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How To Deal With Ungrateful People

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Welcome, this is a three part series leading up to Thanksgiving. You may have some unthankful people around your table this year and I want you to be confident and ready to engage with them. My hope is that this series will reveal how God deals with unthankful people offering us a pattern to follow.

If you wanted a job where people thank you all the time, you probably should have chosen doorman rather than ministry. Ministry, and especially youth ministry, is a thankless job because you can’t please everyone. It is inevitable that someone will be ungrateful for all your hard work. The question is, how do you minister to people who don’t understand the value of what you bring to the table or even oppose the work you’re trying to accomplish.

Jesus offers us a few solid steps for dealing with ungrateful people, but, as always, he first address what needs to change in us.

 “If you lend to those from whom you expect to receive, what credit is that to you? Even sinners lend to sinners in order to receive back the same amount. “But love your enemies, and do good, and lend, expecting nothing in return; and your reward will be great, and you will be sons of the Most High; for He Himself is kind to ungrateful and evil men. “Be merciful, just as your Father is merciful. Luke 6:34-36

Let’s break down the scripture and take a look at what Jesus is trying to tell us.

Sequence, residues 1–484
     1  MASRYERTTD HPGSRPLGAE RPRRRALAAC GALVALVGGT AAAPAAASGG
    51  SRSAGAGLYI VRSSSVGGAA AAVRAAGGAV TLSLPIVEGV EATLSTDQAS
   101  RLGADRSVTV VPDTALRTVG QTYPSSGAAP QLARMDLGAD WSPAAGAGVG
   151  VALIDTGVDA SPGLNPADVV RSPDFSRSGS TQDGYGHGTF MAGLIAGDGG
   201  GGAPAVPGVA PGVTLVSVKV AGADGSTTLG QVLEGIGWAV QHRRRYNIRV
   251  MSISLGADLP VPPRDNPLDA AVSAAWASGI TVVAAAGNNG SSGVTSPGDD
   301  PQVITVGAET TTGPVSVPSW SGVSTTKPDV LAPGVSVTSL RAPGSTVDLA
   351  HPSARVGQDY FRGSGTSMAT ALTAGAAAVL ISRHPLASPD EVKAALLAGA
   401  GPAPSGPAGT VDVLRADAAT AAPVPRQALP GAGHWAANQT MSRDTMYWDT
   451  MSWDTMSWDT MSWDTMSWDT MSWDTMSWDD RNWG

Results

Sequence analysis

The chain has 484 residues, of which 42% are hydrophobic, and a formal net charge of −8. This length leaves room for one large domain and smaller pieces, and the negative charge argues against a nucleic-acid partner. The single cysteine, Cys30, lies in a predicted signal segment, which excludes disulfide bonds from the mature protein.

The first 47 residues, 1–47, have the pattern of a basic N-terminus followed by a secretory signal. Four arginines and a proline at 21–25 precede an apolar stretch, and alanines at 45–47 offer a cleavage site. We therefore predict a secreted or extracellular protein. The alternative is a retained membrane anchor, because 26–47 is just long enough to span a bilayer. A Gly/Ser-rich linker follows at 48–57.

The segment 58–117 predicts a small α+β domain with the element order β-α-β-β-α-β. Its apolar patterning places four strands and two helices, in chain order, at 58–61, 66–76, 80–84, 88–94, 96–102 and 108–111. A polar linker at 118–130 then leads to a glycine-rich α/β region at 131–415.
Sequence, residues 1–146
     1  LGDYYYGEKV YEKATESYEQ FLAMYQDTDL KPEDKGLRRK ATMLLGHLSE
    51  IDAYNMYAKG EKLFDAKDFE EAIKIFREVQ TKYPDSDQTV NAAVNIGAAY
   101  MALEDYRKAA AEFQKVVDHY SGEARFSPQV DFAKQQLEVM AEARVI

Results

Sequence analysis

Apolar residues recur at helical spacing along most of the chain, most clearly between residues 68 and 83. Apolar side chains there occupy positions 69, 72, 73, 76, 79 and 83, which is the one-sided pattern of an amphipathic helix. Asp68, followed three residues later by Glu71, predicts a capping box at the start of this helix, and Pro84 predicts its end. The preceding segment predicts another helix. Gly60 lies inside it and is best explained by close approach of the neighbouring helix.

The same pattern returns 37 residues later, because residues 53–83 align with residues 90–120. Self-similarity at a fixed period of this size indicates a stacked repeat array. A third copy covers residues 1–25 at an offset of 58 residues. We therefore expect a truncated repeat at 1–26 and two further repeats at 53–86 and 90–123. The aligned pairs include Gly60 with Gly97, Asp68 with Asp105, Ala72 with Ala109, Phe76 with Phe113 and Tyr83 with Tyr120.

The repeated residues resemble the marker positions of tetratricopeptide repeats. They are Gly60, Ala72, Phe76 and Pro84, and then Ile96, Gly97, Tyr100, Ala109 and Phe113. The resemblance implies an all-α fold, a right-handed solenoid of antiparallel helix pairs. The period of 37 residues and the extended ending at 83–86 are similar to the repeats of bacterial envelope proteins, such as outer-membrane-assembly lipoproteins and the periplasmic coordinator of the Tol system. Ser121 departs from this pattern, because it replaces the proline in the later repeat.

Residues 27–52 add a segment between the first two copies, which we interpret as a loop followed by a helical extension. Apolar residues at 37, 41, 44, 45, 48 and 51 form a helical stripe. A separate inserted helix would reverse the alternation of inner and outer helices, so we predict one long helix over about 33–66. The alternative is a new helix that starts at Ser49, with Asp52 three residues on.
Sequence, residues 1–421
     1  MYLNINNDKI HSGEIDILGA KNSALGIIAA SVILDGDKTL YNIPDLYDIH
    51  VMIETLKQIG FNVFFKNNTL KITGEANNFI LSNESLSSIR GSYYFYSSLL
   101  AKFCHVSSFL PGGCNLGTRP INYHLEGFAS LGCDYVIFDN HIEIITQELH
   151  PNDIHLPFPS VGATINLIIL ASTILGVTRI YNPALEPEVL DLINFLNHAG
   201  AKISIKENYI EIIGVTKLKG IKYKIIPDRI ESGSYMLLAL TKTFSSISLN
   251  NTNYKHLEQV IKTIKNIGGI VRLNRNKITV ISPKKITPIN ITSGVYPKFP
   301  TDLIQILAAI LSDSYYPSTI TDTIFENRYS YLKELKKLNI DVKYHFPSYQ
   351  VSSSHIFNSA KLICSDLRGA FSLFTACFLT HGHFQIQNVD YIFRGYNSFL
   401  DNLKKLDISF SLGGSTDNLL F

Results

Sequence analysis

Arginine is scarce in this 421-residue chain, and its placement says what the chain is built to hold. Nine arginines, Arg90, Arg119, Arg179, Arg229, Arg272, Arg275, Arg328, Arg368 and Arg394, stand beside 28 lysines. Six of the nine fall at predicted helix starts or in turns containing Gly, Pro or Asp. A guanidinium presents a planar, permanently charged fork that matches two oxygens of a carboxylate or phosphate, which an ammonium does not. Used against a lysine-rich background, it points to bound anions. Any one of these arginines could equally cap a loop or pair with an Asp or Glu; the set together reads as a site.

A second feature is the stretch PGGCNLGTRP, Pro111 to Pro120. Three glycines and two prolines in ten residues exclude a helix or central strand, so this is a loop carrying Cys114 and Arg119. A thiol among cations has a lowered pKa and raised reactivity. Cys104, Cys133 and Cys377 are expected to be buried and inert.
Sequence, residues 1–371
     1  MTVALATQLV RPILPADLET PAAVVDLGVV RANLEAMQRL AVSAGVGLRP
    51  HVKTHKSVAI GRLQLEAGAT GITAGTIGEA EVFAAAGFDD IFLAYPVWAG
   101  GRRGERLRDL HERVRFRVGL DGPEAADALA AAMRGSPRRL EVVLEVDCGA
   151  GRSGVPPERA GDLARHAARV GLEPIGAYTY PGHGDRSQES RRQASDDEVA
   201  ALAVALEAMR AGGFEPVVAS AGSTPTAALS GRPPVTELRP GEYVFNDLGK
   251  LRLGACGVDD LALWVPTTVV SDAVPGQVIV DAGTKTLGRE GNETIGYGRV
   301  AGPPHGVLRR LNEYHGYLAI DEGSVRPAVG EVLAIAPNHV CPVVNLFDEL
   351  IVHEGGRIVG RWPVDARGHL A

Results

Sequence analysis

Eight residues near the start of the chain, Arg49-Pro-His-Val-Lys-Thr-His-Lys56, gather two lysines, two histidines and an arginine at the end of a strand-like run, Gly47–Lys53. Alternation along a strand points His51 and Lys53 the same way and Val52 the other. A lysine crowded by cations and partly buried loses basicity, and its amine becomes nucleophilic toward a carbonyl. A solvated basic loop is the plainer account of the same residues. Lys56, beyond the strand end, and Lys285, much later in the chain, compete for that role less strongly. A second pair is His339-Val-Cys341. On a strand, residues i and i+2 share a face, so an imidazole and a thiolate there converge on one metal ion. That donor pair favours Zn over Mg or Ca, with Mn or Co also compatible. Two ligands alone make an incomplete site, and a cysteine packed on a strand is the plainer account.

But love your enemies

Not everyone who is ungrateful is our enemy but think about how offended you get when someone doesn’t recognize your contribution and effort. It does’t take long before you start seeing ungrateful people as your enemy. You no longer want to offer you time, gifts or service to them because they are ungrateful.

Enemies can be known and unknown, hateful and adversarial.

Enemies can be momentary, like

  • the stranger who cuts you off on the road
  • the person who is driving too slow in front of you and making you late for whatever you should have left earlier for.
  • the employee who takes advantage of you.

There can also be life long enemies

  • They can be those who challenge everything you do at work or are always vying for your job.
  • They can be family member drafting for attention, honor or power.
  • They can be ungrateful children who try to use and manipulate you or are lazy or uncaring.
  • They can be someone who felt slighted by you years ago and loves to drag your name through the mud whenever they can, online and off.

People who oppose God are called enemies of the cross. Jesus said, if they were his enemies they would be our enemies as well but very few people have personal enemies who seek to destroy them the way people tried to destroy Jesus or destroy the Apostle Paul. 

No one is trying to throw us from a cliff or stone us or even do us bodily harm, they just oppose what we value or consider us enemies from a past slight or from a jealous heart.

When Jesus says, “love your enemies” he is saying that loving others should be perpetual abiding rule of action. In other words, loving those who oppose us is Standard Operating Procedure. It’s not debatable.

do good to them, 

Not only does Jesus want us to love them he wants us to do what is inherently good. He challenges us to do what is inspired and powered by God for them. In others words, God wants us to practically love people. God doesn’t want us to love people in theory only, but in practice.

What this looks like around your family table or work space will vary, but seek to do good for those who disagree, dislike or oppose you. Maybe good looks like letting them get the last piece of pumpkin pie or offering to take up their plate when they’re finished.

Good does not have to be grand. Good can be simple.


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